In 48 per cent of cases, Karn said the infractions were minor in nature and presented a “low risk” to the public. Typical violations included “insufficient” labelling or storage of waste. In such cases, the companies were issued “advisories” to correct business practices.
In the remaining 22 per cent of cases, companies were issued warnings for violating provincial regulations in more serious ways or were subject to more exhaustive investigations.
The Narwhal asked the ministry if it could review documents related to those cases but was told it would have to file freedom of information requests to obtain them, a time-consuming process that can take months and often results in the return of heavily redacted pages.
The ministry did furnish a list, however, of some of the companies that were the subject of more thorough investigations, including Canoe Forest Products, United Concrete & Gravel, Sumas Environmental Services, Bio-Tox Medical Systems and El Cheapo’s Auto Wrecking & Towing.
The list also included Load ’Em Up Contracting, which in 2015 was fined $575 for “knowingly” providing “false information” on the hazardous waste it was shipping.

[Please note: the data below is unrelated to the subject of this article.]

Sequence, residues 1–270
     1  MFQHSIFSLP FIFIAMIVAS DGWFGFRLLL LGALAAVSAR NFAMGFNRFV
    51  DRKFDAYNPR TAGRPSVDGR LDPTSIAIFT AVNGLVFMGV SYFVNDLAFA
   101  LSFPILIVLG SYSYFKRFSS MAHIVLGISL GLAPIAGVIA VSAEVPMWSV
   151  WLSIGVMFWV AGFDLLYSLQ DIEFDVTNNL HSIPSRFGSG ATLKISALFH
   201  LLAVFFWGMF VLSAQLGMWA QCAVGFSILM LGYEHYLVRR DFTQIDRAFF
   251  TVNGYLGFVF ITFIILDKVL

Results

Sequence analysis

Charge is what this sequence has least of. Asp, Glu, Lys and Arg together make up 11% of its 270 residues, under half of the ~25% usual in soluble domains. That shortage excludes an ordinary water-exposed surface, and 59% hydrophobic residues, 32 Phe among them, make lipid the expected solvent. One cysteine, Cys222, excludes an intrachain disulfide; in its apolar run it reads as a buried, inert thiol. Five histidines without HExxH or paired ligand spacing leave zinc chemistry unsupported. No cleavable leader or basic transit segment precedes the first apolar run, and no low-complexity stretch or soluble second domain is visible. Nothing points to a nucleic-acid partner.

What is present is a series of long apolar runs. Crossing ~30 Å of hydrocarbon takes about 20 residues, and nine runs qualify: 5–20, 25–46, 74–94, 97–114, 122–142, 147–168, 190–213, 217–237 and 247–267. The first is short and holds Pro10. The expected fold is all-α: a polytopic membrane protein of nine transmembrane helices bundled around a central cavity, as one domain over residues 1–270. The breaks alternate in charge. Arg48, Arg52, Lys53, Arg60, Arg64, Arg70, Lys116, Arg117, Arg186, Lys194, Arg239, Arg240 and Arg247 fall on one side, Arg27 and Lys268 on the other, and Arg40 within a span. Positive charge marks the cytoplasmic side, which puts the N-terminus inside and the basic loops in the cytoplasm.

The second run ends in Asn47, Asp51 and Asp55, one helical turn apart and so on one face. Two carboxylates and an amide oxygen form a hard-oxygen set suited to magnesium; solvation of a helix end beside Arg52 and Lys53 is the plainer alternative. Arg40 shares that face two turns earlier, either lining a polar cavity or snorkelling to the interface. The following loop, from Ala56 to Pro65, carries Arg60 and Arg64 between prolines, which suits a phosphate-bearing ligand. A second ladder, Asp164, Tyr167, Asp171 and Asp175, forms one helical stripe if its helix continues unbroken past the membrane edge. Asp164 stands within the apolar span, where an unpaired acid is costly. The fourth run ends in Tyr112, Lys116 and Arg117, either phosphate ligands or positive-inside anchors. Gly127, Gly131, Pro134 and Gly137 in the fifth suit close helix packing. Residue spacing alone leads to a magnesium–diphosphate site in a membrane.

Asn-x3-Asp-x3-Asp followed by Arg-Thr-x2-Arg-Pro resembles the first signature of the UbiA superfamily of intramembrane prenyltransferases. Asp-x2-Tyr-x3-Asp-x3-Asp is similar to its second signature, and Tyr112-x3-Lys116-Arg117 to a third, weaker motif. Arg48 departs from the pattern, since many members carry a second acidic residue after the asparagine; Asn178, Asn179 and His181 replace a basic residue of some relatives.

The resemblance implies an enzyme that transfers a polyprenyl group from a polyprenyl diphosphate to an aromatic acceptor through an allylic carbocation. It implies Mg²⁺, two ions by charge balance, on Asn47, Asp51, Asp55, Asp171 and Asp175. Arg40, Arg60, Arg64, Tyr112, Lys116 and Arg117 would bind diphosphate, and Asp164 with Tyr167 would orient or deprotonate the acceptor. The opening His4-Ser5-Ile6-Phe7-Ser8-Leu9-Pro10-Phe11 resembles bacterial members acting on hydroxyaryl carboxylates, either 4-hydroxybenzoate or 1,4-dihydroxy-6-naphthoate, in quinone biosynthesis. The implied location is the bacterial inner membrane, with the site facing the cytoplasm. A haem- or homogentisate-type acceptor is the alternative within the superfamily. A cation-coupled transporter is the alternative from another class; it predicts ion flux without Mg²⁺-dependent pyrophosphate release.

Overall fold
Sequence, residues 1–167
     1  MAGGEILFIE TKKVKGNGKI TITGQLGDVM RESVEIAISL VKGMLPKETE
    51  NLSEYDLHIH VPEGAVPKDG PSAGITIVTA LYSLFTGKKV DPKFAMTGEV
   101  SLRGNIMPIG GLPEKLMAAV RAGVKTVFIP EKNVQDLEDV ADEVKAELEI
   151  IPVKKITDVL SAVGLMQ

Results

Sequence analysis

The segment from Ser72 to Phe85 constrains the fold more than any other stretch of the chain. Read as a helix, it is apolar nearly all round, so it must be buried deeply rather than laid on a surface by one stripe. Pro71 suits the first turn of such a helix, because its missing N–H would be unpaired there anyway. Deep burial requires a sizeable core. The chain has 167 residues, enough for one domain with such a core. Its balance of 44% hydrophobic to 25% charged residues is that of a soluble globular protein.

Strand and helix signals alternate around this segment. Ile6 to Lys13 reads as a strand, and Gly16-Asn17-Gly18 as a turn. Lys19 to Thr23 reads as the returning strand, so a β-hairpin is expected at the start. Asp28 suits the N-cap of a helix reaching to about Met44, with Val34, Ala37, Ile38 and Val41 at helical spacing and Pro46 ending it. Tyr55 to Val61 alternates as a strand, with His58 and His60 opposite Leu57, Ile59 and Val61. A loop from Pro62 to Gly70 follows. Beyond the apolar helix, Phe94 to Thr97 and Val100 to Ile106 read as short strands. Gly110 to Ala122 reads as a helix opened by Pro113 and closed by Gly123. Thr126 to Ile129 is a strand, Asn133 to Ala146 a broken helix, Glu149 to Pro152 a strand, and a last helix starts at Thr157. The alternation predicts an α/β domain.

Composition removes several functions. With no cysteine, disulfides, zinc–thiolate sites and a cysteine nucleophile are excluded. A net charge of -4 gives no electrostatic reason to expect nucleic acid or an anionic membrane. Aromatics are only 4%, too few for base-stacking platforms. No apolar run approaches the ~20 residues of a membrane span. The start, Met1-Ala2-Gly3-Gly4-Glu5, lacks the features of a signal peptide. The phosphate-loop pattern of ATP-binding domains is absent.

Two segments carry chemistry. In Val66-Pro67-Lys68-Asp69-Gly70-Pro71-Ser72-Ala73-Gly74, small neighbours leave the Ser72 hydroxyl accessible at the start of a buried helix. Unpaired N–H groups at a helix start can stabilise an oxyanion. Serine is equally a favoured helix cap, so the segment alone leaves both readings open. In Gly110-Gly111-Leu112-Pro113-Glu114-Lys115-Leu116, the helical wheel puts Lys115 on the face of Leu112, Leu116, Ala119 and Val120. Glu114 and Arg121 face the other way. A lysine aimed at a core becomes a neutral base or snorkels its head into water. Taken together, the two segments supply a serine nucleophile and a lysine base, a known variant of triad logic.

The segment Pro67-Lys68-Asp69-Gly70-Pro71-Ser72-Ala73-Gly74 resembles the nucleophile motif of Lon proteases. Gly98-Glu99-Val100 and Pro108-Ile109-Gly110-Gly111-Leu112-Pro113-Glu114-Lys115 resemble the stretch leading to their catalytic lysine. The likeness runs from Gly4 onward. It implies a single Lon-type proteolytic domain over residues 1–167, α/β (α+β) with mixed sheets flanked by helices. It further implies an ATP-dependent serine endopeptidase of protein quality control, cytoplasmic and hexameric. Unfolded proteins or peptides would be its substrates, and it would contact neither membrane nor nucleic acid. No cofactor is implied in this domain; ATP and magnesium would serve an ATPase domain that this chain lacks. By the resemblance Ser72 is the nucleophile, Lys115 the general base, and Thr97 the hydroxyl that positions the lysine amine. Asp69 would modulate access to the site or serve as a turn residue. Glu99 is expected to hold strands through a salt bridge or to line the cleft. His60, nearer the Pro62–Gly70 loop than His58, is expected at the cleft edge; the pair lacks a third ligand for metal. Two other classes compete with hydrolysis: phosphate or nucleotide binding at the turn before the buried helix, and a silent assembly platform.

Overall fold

By using data from the last digitized hazardous waste record, The Narwhal was able to glean some understanding of what Load ’Em Up’s business dealings were in the year prior to receiving its fine.
The record shows that in 2014, the company picked up and trucked nearly 5.5 million litres — plus an additional 500,000 kilograms — of hazardous materials including waste oils and other lubricants, solvents, petroleum distillates, flammable liquids, contaminated soils and various other unidentified “environmentally hazardous substances.” Its clients included forest companies, gas wholesalers, pipeline companies and mining companies. The waste would overflow two Olympic-sized swimming pools.
Gage said handing a fine to a company that knowingly breaks the rules is a ridiculous tool to use in an industry that makes huge amounts of money for handling substances, which, by their very definition, are harmful to human health and the environment.
He said the ministry should levy much stiffer penalties or charge offending companies and take them to court.